He wakes up screaming. I spit the toothpaste out of my mouth, and return the toothbrush to its mount. I rush back to the bedroom to sooth him. I can tell he doesn’t know where he is. I lay down on the bed next to him, stroke his hair, make cooing sounds like I’m talking to a baby or a dog.
“It’s okay. I’m here.”
“Did I? Was I?” he stammers.
“You were just asleep.”
“It gets harder to tell the difference.”
“I know baby, I know.”
Once he’s calm, I finish getting ready and leave for work. Even with the delay, I still have plenty enough time to stop by From the Ground Up for a latte. It’s always crowded at this hour, but people let me go first. I try to refuse, but I know they won’t. The barista refuses to charge me as well, though I still tip them for the full price of my coffee.
Most superhero spouses are either supers themselves, or they’re anonymous to the public. But everybody knows me. The first time Adam died when he stopped the Prism invasion, there was a huge state funeral. Of course, I was in attendance. Why should I hide now that he was dead? And if I was there, maybe his whole life could be celebrated. Not just the larger-than-life hero, but the kind man he was in his daily life. So, there I was the grieving widow. Footage of me was everywhere, so now everybody knows who I am. Even though I’m no longer a widow.
“It must be nice to have him back,” Sally from payroll says.
Sally talks about being back from the dead like it’s getting back from a business trip. A lot of people do. Sometimes, even I feel that way about it. The funerals get smaller. I’m not entirely sure if I grieve anymore. What if he dies one time, and he doesn’t come back? How will I even know that he’s not coming back? It’s not fair. But if life were fair, he’d never have come back at all. I wouldn’t have received the gift of more time with him.
“How it that new puppy of yours?” I ask.
I stop for Chinese food on the way home.
“Mrs. Lazarus, there’s an extra order of peking ravioli for you. Our best to your husband.”
“Thank you. Your father is not working today?”
“His heart, it… fluttered. Doctor told him to rest not that he’s happy about it. But I worry. How do I get him to take care of himself?”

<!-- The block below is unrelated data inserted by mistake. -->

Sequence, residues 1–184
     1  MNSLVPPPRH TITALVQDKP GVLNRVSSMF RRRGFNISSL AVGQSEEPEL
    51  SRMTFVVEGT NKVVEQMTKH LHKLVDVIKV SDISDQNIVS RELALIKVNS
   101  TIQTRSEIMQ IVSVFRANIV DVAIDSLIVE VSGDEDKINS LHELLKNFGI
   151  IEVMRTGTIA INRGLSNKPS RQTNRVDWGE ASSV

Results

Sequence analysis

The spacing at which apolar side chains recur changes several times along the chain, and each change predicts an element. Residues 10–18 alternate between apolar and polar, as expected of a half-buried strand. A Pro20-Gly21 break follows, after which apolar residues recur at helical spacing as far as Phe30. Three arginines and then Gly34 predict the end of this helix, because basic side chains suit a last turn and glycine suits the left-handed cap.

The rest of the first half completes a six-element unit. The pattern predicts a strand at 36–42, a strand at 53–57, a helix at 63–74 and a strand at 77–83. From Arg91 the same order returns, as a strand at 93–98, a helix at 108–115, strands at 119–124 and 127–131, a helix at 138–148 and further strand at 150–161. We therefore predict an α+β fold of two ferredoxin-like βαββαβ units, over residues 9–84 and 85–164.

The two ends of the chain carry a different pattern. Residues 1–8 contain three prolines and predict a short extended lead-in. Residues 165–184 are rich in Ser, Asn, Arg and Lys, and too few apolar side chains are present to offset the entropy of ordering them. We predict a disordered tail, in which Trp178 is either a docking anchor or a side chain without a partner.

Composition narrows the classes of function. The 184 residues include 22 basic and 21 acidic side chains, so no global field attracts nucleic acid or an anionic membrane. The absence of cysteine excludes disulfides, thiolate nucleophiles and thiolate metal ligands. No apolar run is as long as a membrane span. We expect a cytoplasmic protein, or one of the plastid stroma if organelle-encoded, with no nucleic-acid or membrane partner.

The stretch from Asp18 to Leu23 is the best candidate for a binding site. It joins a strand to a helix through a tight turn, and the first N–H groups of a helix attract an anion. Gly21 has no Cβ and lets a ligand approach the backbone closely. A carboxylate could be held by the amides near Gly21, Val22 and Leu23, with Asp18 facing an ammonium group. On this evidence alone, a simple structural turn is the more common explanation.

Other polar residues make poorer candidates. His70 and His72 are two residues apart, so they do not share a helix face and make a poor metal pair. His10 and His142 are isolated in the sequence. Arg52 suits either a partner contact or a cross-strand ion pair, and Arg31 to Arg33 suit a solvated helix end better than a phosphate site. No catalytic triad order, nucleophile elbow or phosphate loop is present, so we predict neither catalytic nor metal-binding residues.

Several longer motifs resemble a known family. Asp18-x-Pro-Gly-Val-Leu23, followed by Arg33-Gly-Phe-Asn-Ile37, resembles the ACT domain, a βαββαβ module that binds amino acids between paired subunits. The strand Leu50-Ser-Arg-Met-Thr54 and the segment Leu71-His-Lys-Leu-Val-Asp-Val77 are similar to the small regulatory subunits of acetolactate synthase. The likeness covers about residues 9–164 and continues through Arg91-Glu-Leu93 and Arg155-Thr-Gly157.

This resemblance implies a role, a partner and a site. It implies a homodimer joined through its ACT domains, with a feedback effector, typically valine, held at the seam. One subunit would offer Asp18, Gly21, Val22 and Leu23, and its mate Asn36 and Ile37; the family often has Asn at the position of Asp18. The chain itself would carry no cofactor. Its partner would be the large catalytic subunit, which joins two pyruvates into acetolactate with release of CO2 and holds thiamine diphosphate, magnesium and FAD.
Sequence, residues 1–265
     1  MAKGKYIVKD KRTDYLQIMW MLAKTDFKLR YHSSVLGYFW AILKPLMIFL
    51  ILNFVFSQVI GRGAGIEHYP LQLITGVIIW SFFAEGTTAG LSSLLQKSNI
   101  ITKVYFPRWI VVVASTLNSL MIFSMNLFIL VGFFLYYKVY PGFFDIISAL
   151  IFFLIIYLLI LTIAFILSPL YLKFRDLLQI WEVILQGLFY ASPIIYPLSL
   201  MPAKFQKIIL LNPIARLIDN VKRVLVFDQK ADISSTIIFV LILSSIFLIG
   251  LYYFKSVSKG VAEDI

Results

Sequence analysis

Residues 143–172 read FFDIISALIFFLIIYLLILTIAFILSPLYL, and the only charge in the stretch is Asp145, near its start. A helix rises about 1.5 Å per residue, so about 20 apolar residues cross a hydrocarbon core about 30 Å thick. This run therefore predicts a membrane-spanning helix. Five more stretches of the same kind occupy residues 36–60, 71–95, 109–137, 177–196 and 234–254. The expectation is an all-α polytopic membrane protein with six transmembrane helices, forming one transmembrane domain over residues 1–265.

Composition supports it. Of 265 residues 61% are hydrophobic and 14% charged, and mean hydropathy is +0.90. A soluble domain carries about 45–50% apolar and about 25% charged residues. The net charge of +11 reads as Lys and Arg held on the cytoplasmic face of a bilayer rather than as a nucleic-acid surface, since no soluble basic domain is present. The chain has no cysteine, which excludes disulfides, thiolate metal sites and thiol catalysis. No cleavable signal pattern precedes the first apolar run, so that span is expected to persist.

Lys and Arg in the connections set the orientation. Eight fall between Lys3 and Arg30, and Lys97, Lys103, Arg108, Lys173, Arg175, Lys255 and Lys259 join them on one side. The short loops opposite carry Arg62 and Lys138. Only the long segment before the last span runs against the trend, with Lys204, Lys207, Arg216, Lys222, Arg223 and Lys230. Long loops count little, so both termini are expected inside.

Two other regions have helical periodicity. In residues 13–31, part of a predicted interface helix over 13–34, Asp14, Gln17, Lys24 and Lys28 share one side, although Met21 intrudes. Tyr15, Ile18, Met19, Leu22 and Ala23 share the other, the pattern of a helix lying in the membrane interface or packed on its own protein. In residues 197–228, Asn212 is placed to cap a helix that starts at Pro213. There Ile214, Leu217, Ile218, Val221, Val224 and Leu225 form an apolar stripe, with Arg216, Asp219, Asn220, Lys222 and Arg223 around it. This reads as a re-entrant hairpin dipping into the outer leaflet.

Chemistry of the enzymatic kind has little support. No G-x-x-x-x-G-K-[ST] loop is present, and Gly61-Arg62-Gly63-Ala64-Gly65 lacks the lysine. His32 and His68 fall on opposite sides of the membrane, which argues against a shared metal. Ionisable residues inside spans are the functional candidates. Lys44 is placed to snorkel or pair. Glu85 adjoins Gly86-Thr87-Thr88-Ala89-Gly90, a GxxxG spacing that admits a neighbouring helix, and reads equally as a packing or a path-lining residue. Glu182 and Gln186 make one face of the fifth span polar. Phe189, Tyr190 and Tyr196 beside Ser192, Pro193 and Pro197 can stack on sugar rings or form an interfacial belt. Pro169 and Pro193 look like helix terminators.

I laugh. “Your asking the wrong person about that.”
Adam is watching T.V. when I arrive back at the apartment. His eyes are hollow, and he has a blanket clutched around him. I place the food on the table while he continues switching channels, watching something for a minute or two. A snip of news, a cartoon, a commercial. He views each with the same level of seriousness.
“What is this?” he asks.
“Local weather.” “A game show.” “Historical drama.”
“Is it real? How can you tell?”
“Come have dinner. There’s General Tsao’s.”
He comes to the table. I eat with chopsticks, he uses a fork. He doesn’t seem to enjoy Chinese food like he used to, but he doesn’t dislike it. He doesn’t dislike anything.
He holds up a piece of chicken on his fork, “Is this real?”
He eats it, and nods, but I don’t think he really believes.
After dinner, we sit on the couch together, but I don’t turn on the T.V. I just sit next to him and stroke his hand.
“Grace, you’re real.”
“Grace, I can’t keep doing this.”
“I think more of me is still there than here. But I don’t want to leave you.”
“It’s okay,” I kiss the side of his head, “You can go. You’ve done enough. It’s time to rest.”
We fall asleep like that. I dream of the man I met in college, funny and smart but foolhardy. A man who wanted to save the world but had no idea that he’d do it several times over. A man who says he loves me, before he disappears.
I wake up screaming. But he’s already gone and there’s nobody to soothe me back to calm.